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Oracle BICS and Oracle DVCS offer two flavors of data visualization

Oracle's business intelligence and data visualization cloud services include similar visual analytics features and are often confused with one another. But they're two different things.

Oracle's Business Intelligence Cloud Service and Data Visualization Cloud Service both provide extensive visual analytics capabilities. Both BICS and DVCS also let users explore data from a variety of sources to discover meaningful insights.

Due to these similarities, it's easy to confuse the two with one another and with other Oracle products that also offer data visualization capabilities. However, Oracle BICS and Oracle DVCS are indeed different services, and they are best suited for use in different circumstances.

Much of the confusion centers on the tangled relationship between Business Intelligence Cloud Service (BICS), Data Visualization Cloud Service (DVCS), the overarching Oracle Data Visualization suite and Oracle's Visual Analyzer software. In its "User's Guide for Oracle Data Visualization," Oracle describes Visual Analyzer as the "primary data visualization tool in Oracle Data Visualization," but draws no real distinction beyond that. In fact, documentation from Oracle often uses the terms interchangeably, essentially treating them as one and the same. But they aren't, really.

The story begins with Oracle Business Intelligence Enterprise Edition. OBIEE is a comprehensive BI platform that provides the tools necessary to support visual analytics and self-service querying. Through OBIEE, you can create interactive dashboards, visually rich reports and just-in-time alerts using the platform's sophisticated in-memory computing and its native support for accessing various data sources.

Getting to know BICS

With the introduction of BICS in September 2014, Oracle made many of these BI capabilities available as part of a cloud service. Initially, Oracle BICS wasn't as robust as its on-premises counterpart, but it still provided a full BI suite for analyzing and reporting on data. And it has made significant strides in functionality since then thanks to the cloud-first strategy adopted by Oracle.

One of the most significant updates to BICS occurred in May 2015, when Oracle added Visual Analyzer. The tool provides a variety of features that make it easier to find correlations and patterns in data sets and to create data visualizations. Visual Analyzer also makes it possible to load data from external sources and create mashups that combine different types of data.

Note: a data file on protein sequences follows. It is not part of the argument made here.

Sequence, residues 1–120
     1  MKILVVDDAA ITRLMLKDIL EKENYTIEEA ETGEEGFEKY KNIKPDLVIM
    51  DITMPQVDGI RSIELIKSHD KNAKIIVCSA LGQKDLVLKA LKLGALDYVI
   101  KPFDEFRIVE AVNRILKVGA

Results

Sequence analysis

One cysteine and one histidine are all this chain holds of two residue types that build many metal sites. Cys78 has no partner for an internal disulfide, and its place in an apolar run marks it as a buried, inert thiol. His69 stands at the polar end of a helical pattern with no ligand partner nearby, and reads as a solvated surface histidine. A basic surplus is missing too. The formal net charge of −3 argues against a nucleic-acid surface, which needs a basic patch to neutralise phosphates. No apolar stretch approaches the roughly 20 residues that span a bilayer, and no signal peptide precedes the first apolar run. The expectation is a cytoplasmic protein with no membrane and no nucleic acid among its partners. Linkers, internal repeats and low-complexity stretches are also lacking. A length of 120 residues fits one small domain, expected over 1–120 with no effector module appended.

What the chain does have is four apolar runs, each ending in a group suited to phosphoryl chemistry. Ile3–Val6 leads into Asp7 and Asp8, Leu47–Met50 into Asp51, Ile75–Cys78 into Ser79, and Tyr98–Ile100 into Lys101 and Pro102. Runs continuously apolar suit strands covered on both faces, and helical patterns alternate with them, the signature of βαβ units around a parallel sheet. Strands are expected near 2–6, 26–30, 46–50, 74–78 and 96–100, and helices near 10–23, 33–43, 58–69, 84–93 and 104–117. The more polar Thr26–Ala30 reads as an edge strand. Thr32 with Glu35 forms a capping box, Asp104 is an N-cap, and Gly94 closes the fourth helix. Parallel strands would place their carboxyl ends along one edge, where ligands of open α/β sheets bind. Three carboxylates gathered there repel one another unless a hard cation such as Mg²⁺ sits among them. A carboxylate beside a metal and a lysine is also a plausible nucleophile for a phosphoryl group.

Although BICS already enabled users to analyze data and build customized dashboards, Visual Analyzer took that a step further by simplifying and expanding on the cloud service's data visualization capabilities. The addition of the visualization software meant that Oracle BICS offered useful functionality not available in OBIEE. That situation didn't last long, though.

In October 2015, Oracle released a Visual Analyzer add-in for OBIEE 12c. Also referred to as the Data Visualization add-in, the new component includes many of the same analytics and visualization capabilities as the original Visual Analyzer in BICS. But the added features come at a price: Visual Analyzer for OBIEE requires an additional license, while it's part of the package with BICS.

DVCS: New kid on the Oracle block

The Visual Analyzer component in OBIEE was accompanied by the announcement of Oracle Data Visualization, an umbrella brand for the company's various visualization technologies. But Oracle didn't stop there. The day after, it said data visualization capabilities would also be offered through DVCS at a cheaper subscription rate than for BICS -- currently, $75 monthly per named user vs. $150.

DVCS provides the same type of visual analytics found in the BICS and OBIEE versions of Visual Analyzer, thus widening Oracle's data visualization circle. But its scope is limited to data visualization only. Even so, DVCS offers subscribers a web-based service for blending and correlating data without the complexities often associated with mashing up distributed data sets.

In that sense, you can think of Oracle DVCS as a subset offering of Oracle BICS. It isn't as robust or extensive as BICS, but it isn't meant to be. DVCS focuses squarely on data visualization, providing a powerful set of self-service tools for creating ad hoc visualizations. It offers a viable alternative for customers that don't need the full BICS platform or who don't want to incur the higher subscription fees.

In May 2016, Oracle announced the availability of Oracle Data Visualization Desktop (DVD), which is essentially a stand-alone desktop version of DVCS. It's available for free to DVCS and BICS subscribers, as well as to customers who have licensed the Visual Analyzer component in OBIEE.

Clearly, Oracle is serious about its data visualization technologies. It offers comparable features through OBIEE, BICS, DVCS and DVD. However, BICS and DVCS will likely continue to benefit from the fact that they're part of Oracle's long-term cloud strategy. In choosing between them, you need to decide whether you want the entire BI platform or only the data visualization features.

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